Dr. Ricardo A. Lebensohn






1) Second-order homogenization of viscoplastic polycrystals: The computation of large-strain mechanical behavior and texture evolution of viscoplastic (VP) polycrystals using self-consistent (SC) models is nowadays a standard approach in the materials science community. For this, several classical SC approximations for non-linear materials are available (e.g. the "secant", "tangent" and "affine" formulations), all of them based on linearization schemes at the local level that use information on mechanical field averages only, disregarding higher-order statistical information (i.e. average field fluctuations) in the grains. However, the above assumption may be questionable for single-phase aggregates of highly anisotropic grains or for two-phase polycrystals, where a strong directionality and large variations in local properties are to be expected. The non-dependence with higher-order statistical moments is particularly critical for the treatment of those highly-contrasted materials, since such information is essential to capture (in an average sense) the effect of the strong deformation gradients that are likely to develop inside grains which are highly anisotropic, or adjacent to another phase. Therefore, in order to overcome the above limitations we have implemented inside the code VPSC [1] a rigorous non-linear homogenization scheme [2] that takes into account information on the average field fluctuations at grain level [3].


2) Homogenization of the dilatational viscoplastic behavior of anisotropic porous polycrystals: The originally incompressible VPSC formulation [4] has been recently extended to deal with porous polycrystals taking into account: a) the dilatational deformation associated with void growth [5], and b) second-order statistical information in terms of average field fluctuations inside the constituent grains. Such extended model allows us to account for porosity evolution in voided polycrystals, while preserving the anisotropy and rate sensitivity capabilities of the VPSC formulation. This extended VPSC model has been applied to address the problem of coupling between texture, plastic anisotropy, void shape, triaxiality, rate sensitivity and porosity evolution [6,7].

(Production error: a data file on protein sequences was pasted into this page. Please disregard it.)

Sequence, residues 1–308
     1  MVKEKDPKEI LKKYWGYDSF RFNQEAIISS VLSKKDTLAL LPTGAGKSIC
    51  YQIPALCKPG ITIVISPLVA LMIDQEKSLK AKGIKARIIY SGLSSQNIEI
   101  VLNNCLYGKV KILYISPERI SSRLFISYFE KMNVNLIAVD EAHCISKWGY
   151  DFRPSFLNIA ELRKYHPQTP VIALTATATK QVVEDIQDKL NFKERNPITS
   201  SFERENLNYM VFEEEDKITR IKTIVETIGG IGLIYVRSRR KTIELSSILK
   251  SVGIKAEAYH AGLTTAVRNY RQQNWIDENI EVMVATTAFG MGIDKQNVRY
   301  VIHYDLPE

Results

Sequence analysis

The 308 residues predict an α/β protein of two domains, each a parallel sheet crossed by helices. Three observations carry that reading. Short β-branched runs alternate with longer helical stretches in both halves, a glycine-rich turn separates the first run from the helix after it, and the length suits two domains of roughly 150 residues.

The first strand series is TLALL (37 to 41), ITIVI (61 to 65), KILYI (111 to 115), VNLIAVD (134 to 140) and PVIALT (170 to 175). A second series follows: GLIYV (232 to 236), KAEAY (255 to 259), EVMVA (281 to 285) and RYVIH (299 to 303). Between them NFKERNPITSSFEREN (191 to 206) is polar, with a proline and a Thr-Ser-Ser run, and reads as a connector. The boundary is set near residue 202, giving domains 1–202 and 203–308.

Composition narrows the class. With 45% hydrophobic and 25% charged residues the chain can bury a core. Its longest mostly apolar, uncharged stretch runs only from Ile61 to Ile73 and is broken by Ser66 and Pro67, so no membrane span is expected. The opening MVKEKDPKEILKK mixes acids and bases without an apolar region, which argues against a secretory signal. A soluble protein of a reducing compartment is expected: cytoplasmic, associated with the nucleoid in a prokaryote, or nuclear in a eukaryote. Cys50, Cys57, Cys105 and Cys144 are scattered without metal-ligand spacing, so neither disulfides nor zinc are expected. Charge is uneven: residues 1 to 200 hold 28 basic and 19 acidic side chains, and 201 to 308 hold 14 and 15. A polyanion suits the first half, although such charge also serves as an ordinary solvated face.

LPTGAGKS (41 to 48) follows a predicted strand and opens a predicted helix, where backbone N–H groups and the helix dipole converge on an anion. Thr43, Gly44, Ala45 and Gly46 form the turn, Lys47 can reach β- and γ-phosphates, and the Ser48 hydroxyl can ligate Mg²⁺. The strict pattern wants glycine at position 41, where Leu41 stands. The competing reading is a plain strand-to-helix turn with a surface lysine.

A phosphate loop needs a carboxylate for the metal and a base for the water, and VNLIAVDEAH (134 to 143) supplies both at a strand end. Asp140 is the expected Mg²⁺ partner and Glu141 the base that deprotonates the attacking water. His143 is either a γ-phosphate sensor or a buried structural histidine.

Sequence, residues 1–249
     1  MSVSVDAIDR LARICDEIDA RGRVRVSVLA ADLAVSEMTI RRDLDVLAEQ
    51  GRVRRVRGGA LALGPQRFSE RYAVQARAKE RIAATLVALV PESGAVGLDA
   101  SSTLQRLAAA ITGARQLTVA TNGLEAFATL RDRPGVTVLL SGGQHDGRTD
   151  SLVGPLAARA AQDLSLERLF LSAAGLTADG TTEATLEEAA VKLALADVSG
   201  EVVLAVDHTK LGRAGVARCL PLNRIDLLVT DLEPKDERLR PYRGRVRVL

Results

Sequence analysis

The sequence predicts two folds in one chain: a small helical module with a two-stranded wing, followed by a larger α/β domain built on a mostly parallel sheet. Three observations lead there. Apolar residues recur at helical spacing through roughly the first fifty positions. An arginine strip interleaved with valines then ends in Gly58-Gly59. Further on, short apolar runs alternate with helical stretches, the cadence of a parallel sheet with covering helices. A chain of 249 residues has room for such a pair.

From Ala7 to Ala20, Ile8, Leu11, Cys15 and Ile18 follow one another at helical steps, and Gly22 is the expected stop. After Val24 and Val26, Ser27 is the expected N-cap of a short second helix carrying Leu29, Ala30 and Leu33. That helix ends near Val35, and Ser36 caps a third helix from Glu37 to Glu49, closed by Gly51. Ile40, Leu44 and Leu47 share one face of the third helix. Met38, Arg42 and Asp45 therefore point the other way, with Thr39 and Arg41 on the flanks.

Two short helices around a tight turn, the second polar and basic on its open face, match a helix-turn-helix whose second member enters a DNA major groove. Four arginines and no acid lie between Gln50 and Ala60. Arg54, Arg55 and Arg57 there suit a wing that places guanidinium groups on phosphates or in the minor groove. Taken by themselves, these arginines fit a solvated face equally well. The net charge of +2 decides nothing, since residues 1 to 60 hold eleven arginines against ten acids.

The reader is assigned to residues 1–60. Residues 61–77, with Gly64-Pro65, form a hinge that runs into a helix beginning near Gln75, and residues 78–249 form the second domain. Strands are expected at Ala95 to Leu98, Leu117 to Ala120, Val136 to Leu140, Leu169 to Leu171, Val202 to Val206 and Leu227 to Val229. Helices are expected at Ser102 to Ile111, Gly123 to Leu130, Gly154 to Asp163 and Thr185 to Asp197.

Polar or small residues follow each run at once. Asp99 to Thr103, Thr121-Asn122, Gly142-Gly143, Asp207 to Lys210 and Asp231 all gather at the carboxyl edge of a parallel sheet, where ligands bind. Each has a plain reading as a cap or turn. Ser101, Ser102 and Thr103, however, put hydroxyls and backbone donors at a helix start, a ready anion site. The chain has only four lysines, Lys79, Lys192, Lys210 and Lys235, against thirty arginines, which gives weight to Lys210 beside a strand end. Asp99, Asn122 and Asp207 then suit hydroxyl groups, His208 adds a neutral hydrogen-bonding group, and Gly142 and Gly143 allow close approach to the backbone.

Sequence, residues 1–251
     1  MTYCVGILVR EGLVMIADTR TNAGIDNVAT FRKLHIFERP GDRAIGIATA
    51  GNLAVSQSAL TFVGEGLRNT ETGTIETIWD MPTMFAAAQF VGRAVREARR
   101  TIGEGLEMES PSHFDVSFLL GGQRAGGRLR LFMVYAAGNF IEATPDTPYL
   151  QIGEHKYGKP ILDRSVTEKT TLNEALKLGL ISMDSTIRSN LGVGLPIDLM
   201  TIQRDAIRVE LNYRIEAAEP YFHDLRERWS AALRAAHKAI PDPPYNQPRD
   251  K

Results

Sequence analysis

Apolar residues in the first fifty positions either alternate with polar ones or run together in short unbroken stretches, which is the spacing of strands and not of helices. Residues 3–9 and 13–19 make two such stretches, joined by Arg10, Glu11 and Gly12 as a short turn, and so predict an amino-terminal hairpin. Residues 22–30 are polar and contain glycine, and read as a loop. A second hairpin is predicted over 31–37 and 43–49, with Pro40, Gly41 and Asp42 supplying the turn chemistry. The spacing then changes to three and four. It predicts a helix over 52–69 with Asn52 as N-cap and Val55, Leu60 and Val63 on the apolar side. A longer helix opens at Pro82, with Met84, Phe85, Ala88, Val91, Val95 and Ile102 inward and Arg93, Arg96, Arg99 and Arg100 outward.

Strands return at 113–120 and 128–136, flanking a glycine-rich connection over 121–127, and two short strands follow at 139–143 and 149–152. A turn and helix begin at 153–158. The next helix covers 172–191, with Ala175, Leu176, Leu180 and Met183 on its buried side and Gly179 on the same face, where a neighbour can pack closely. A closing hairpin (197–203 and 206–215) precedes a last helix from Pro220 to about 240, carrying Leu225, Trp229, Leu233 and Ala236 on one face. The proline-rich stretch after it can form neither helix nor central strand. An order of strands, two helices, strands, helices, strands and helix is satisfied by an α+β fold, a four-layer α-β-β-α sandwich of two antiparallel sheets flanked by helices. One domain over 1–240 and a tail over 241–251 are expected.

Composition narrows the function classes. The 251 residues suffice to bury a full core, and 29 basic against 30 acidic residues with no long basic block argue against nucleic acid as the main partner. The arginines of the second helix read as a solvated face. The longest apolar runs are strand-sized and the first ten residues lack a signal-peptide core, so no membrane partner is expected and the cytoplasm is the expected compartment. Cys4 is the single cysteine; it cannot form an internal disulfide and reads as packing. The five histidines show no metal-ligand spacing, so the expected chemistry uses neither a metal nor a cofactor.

3) Simulation of forming of anisotropic materials by direct coupling between SC polycrystal models and Finite Element (FE) codes: Simulating the forming of anisotropic materials, such as zirconium, requires a description of the anisotropy of the aggregate and the single crystal, and also of its evolution with deformation (due to texture development and hardening by slip and twinning). As a consequence, using polycrystal constitutive laws inside FE codes represents a considerable improvement over using empirical constitutive laws, since the former provides a physically-based description of anisotropy and its evolution. We have developed a polycrystal constitutive description for pure clock-rolled Zr deforming under quasi-static conditions at room and liquid nitrogen temperatures, using tensile and compressive experimental data to adjust the constitutive parameters of a SC polycrystal model [8]. This model was in turn implemented in an explicit FE code, assuming a full polycrystal at the position of each integration point. This methodology was successfully applied to simulate the inhomogeneous three-dimensional deformation of zirconium bars deforming under four-point bend conditions.